Beginner’s Workout #4 – Courtney Townley

Posted on March 15, 2010 by


When you are just starting an exercise program it is highly beneficial and most time efficient to start with movements that involve more than one muscle group and multiple joints.  These types of movements are commonly referred to as “compound movements”.   In the program below, you will hit all of the major muscle groups with just a few simple exercises and in a fraction of the time it would take you to isolate each muscle group independently.  Because compound movements involve so many muscle groups at once, they require more energy to perform, which means more calories expended!

Plank Hold
Starting on all fours, take a moment to make sure your hands are lined up directly under your shoulders, spread your hands open and try to get equal pressure in all of your fingers.  Extend one leg directly behind you and then take the second one back to join it.  As you hold the plank position imagine pushing your torso as far away from the floor as possible, so you avoid sinking between your shoulder blades.  Hold this position for 20 seconds, rest your knees on the floor for 5 seconds, and then repeat 2 more times.  You should feel a tremendous amount of work in your abs.   To challenge this movement try holding the plank for longer periods of time, and eventually start playing with lifting 1 foot off the floor for a few seconds (this will really target your core stabilizers…specifically your obliques).

Squat with Forward...

Squat with Forward Reach and Overhead Reach
We often think of squats as an exercise for the legs, but they are tremendous strength builders for the torso, as well.  Hold one dumbbell between 2 hands at chest level, as you bend your knees, extend your arms toward the floor (as if you were going to set the weight down in front of you) only as low as you can keep your spine straight.  As you stand up bring the weight back to your chest and then push the dumbbell overhead.  Bring the weight back down to chest level and repeat a total of 15 reps.  To challenge the exercise try squatting a little deeper (but always keeping heels on the floor),  and/or increase the weight you are lifting.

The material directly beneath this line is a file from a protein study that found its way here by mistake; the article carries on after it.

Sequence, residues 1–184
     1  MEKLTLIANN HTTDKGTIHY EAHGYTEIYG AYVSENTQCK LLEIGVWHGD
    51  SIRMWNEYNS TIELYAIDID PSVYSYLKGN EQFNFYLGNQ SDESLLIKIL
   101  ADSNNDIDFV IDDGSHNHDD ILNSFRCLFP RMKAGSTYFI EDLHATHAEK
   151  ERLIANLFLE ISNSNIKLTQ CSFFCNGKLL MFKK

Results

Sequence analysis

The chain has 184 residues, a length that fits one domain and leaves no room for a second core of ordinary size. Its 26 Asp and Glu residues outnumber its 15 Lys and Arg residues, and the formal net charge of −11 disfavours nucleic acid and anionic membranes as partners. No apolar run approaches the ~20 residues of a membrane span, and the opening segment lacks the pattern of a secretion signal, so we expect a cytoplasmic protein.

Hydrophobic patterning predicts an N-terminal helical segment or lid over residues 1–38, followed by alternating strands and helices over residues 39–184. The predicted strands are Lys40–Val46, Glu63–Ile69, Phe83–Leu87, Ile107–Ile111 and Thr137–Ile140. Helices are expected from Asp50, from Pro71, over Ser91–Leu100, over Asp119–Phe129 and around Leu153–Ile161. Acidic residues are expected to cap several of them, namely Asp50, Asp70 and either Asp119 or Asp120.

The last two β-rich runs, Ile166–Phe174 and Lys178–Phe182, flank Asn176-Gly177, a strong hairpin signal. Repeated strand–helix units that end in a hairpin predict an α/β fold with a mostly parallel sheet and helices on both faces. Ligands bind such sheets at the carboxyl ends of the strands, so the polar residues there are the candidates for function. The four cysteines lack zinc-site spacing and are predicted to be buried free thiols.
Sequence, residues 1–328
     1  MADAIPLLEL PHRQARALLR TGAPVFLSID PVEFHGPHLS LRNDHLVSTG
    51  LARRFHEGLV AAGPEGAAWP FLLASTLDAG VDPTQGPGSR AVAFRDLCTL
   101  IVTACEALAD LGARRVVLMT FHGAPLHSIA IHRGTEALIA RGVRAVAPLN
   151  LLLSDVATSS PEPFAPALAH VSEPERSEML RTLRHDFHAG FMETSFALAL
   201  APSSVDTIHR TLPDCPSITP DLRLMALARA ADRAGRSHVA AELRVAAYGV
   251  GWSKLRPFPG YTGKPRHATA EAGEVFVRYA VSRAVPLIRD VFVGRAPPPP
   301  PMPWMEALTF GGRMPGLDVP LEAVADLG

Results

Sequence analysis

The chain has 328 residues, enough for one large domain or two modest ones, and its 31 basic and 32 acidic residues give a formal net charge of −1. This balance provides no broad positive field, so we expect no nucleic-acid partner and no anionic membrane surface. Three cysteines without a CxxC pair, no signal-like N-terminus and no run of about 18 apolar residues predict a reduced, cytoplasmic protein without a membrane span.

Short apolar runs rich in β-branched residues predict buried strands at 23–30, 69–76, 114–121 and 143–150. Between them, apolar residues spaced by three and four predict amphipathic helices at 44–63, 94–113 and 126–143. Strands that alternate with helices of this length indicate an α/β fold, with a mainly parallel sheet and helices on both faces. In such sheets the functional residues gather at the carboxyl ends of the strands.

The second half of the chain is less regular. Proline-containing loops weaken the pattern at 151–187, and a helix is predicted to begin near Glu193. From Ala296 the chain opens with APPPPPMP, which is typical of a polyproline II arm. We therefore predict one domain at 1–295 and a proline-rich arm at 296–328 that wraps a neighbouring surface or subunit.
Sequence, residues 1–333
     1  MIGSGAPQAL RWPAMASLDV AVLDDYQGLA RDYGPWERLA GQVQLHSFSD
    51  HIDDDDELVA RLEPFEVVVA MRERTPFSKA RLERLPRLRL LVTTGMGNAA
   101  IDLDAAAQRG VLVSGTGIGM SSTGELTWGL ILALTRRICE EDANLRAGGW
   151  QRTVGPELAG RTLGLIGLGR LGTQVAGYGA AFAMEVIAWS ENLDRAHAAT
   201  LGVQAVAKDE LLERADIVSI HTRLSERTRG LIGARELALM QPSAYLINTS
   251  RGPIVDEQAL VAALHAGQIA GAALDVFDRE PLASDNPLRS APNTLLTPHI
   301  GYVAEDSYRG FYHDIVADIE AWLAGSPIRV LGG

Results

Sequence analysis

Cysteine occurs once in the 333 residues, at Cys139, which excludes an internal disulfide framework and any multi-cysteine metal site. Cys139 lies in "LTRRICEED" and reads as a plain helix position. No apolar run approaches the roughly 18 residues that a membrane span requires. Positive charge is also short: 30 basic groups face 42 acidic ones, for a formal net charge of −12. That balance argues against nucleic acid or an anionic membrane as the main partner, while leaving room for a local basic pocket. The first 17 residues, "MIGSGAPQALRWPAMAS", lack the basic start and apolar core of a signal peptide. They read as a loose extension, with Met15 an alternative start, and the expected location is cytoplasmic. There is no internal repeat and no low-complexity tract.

Bridge with Stability Ball

Bridge with Stability Ball Against the Wall
The beauty of working with stability balls is that they offer an element of instability to your environment, which makes all of the muscles responsible for stabilizing your spine and pelvis work harder to keep you centered and balanced.  Place a stability ball against the wall, put your feet on the face of the ball, knees bent at 90 degrees and extend your arms by your sides.  Elevate your hips until the front of your hip joint is fully extended and then slowly lower your hips back to the floor.   You will want to focus here on preventing the pelvis from rotating and the knees from drifting outwards.  It is helpful to place a yoga block or a towel between your knees to keep your legs properly aligned.  Repeat this movement 15 times.  When you start feeling really confident, try the same exercise without the ball against the wall.

Spinal Rotation Seated on Stability Ball
Seated on a stability ball with the feet placed directly under the knees, hip width apart, and arms reaching out to the sides of the Spinal Rotationshoulders, rotate your torso as far as possible to the right, and then repeat to the left.   Try to keep an even amount of weight on both sit bones and keep your knees level to each other.  To progress this, as you rotate to the right, try lifting your right foot off of the floor and as you rotate left, try picking up your left foot.  This is awesome work for the spinal stabilizers and the obliques.

Reverse Flies

Reverse Flies on Stability Ball
Lying on your stomach on a stability ball, feet on the floor and pressing against a wall.  Lift your spine up so you are in a long diagonal line from the top of your head to your heels.  Start with your arms reaching to the floor just beneath your shoulders, and then lift the arms to shoulder height as you think of bringing your shoulder blades closer to your spine.  Holding the diagonal line will work your back and hip extensors, while lifting your arms will work the mid-trap area, which has a tendency to be weak due to poor postural habits.  Repeat the lifting and lowering of the arms 12-15 times without changing the spinal position.  When you feel ready for a challenge…add small weights to the movment.